Late autocrat of classical music is celebrated on 100th birthday
But the planned killing was thwarted and, needless to say, the bandmaster was indeed fired.
The above story is just one of many about the legendary conductor told by his acquaintances in the Deutsche Grammophon documentary “Karajan: The Music, The Legend.”
Karajan (1908-1989) is known to have been the ultimate autocratic classical musician of the 20th century. He had a clear vision about his music, and did not permit any other views.
Nineteen years after his death, Karajan still dominates the music industry. In celebration of what would have been his 100th birthday, the classical music world is trying to redefine this musical tyrant. Since late last year, record labels have been releasing CDs and DVDs of the late conductor’s memorable performances.
The latest biopic takes a look into Karajan’s personal life through the accounts of the conductor’s fellow musicians, friends and family. Karajan’s wife, French fashion model Eliette Mouret, and daughters Isabel and Arabelle are among those telling never-before-heard stories.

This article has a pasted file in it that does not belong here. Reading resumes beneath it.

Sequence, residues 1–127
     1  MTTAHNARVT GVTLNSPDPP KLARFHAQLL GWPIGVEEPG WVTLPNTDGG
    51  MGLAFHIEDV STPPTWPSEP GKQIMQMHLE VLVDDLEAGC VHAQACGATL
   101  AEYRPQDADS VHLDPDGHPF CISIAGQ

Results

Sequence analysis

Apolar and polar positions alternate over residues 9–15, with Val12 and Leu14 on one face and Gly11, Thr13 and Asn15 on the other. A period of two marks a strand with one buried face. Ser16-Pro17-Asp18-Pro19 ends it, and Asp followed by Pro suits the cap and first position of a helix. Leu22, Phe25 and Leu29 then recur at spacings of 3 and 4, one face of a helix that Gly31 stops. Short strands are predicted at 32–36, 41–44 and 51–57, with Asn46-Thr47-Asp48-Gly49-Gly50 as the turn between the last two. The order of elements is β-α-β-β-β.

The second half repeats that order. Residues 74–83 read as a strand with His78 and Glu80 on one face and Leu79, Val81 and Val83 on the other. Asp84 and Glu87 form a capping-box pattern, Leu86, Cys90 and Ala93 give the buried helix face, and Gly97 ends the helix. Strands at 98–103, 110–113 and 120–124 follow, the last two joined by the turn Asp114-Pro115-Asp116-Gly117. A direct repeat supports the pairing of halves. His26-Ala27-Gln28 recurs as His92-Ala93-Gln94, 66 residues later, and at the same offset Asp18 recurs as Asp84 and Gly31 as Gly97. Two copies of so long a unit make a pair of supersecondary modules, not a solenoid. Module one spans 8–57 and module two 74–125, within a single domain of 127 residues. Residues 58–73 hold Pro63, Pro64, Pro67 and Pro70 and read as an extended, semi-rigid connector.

Karajan’s collaboration with noted Canadian pianist Glenn Gould (1932-1982) was also recently released in Korea. Well-known for his remarkable technique as well as eccentric personality, Gould performed with Karajan three times between 1957 and 1959. However, only the 1957 collaboration was recorded.
They performed Beethoven’s Concerto for Piano and Orchestra No. 3 in an interesting harmony of Karajan’s meticulously calculated music and Gould’s free and intuitive performance.
Views on Karajan are starkly divided. Some worship him as the greatest conductor in history, while others criticize him as a manipulative politician who used the media to get his way.
In the DVD, those close to him try to unveil the real Karajan they knew and set straight controversies surrounding him, such as his membership in the Nazi Party, his authoritative attitudes and his speeches.
By Kim Ho-joung JoongAng Ilbo [email@example.com]